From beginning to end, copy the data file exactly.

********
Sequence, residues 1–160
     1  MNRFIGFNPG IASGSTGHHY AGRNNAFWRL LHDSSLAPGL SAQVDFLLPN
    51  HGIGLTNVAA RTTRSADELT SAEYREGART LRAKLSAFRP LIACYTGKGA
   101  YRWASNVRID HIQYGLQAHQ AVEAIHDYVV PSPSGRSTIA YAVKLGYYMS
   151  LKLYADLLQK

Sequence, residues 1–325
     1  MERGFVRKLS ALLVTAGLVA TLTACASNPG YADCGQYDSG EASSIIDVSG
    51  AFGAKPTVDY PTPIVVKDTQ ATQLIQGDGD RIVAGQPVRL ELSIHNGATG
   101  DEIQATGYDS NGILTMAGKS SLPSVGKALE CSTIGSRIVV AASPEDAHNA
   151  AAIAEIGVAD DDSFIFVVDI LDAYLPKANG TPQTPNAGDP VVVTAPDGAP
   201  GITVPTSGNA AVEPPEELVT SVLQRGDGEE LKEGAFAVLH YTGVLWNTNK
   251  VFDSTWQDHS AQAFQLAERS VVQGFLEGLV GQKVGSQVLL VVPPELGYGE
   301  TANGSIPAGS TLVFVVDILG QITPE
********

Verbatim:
Sequence, residues 1–160
     1  MNRFIGFNPG IASGSTGHHY AGRNNAFWRL LHDSSLAPGL SAQVDFLLPN
    51  HGIGLTNVAA RTTRSADELT SAEYREGART LRAKLSAFRP LIACYTGKGA
   101  YRWASNVRID HIQYGLQAHQ AVEAIHDYVV PSPSGRSTIA YAVKLGYYMS
   151  LKLYADLLQK

Sequence, residues 1–325
     1  MERGFVRKLS ALLVTAGLVA TLTACASNPG YADCGQYDSG EASSIIDVSG
    51  AFGAKPTVDY PTPIVVKDTQ ATQLIQGDGD RIVAGQPVRL ELSIHNGATG
   101  DEIQATGYDS NGILTMAGKS SLPSVGKALE CSTIGSRIVV AASPEDAHNA
   151  AAIAEIGVAD DDSFIFVVDI LDAYLPKANG TPQTPNAGDP VVVTAPDGAP
   201  GITVPTSGNA AVEPPEELVT SVLQRGDGEE LKEGAFAVLH YTGVLWNTNK
   251  VFDSTWQDHS AQAFQLAERS VVQGFLEGLV GQKVGSQVLL VVPPELGYGE
   301  TANGSIPAGS TLVFVVDILG QITPE